Your Epidural Questions Answered


Deciding whether or not to use anesthesia during delivery can be a tough decision. Epidural anesthesia is one of the most popular forms of medication that provides pain relief during labor and delivery. In fact, almost half of all women who deliver in hospitals will receive an epidural. Below you will find some important facts about epidural anesthesia, including how it is administered and the effects it will have on you and your baby so that you can make an informed decision about the best course of action for your delivery.

Epidural anesthesia provides pain relief and can reduce anxiety. It provides some exhausted mothers with an opportunity to relax or sleep during labor.

What is an epidural?

Epidural anesthesia is one of the most popular forms of pain relief for mothers during labor and delivery, and can be used for both vaginal and cesarean birth. Epidural anesthesia blocks the pain in a specific region of the body by blocking the nerve impulses from the low spine. This results in decreased sensations in the lower half of the body, but not a total lack of feeling. You should be aware that the amount of pain relief you experience can vary. It is important to discuss with your anesthesiologist what type of feeling you would like to have during delivery. Both the type of medication used and the location of the epidural can have an effect on your experience.

Epidural anesthesia provides pain relief and can reduce anxiety. It provides some exhausted mothers with an opportunity to relax or sleep during labor. In some prolonged labors, in which stress hormones such as epinephrine slow contractions, an epidural can help the labor progress without the help of Pitocin.

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How is an epidural administered?

Your epidural will be administered by an anesthesiologist, a nurse anesthetist, or perhaps even your obstetrician. You will either be asked to sit up or remain still while lying on your side. To minimize the chance of infection, the area will be swabbed with an antiseptic solution first, just as any other injection you’ve had in the past. To minimize the amount of pain you will experience from the epidural injection, your physician will inject local anesthetic into the injection site to numb it. A needle is then injected into the epidural space between lumbar vertebrae two (L-2) and five (L-5) in your low back, and a catheter (small tube) is then threaded through the needle. The needle is removed and the catheter remains, taped in position, and administers the anesthetic agent such as lidocaine or carbocaine, which decreases the sensation in your lower body. This anesthetic agent can be combined with a narcotic agent such as Demerol, morphine, or fentanyl.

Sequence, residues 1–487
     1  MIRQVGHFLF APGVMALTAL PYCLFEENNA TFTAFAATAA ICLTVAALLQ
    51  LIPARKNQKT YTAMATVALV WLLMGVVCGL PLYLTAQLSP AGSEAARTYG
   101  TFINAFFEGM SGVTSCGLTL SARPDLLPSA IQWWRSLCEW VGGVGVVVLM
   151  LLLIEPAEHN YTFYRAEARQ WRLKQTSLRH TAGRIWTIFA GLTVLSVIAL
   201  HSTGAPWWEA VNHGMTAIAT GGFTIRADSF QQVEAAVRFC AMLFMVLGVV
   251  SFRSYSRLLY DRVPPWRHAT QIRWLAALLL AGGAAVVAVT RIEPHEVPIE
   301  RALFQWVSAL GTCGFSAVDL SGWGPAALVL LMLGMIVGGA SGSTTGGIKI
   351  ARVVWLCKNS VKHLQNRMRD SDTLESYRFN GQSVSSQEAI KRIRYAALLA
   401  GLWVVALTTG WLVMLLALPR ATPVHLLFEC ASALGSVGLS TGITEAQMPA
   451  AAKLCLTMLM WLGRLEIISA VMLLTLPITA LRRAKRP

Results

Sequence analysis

What do you think?

Your Epidural Questions Answered

Tell us what you think!


  1. Profile photo of ashley ashley says:

    This is my first baby

    and I’m almost in my 3rd trimester.
    I’ve heard a lot of horror stories about the epidural and don’t know what to expect. What do those of you who’ve experienced it think.

    • Profile photo of Vikki Vikki says:

      This is my first too and I’ve both sides of the epidural story. I don’t let the bad cloud my judgment. Giving birth in general is a risk, medicated or not, and I already told my OB I don’t want to feel anything as much as possible. I’m not trying to wait and see how bad the pain gets, that’s crazy….for me. Why should I feel pain when I don’t have too?

  2. Profile photo of Flo Flo says:

    I think it’s best to do your homework & speak with your doctor. Not every birth is the same & if your Dr knows your concerns I’m sure he/she will find out about the anesthesiologist to be sure that they know what they are doing. Me OB is great & I’ve shared all of my concerns with her. Right now I’m on bed rest & will be induced next Friday 12/20/13. Our son is pretty big & he is very low. I’m 35 weeks & 2 days & he’s over 8lbs. I don’t have diabetes or anything else, he’s just taking everything from me. That being said, my Dr feels that once she induces me he may come so soon that there won’t be time for an epidural, but if my pain is too bad, then we’ll do the epidural. At any rate, I trust her judgement, so by all means share your concerns with your OB. By the way, I’ve had killer migraines & high blood pressure but no other issues.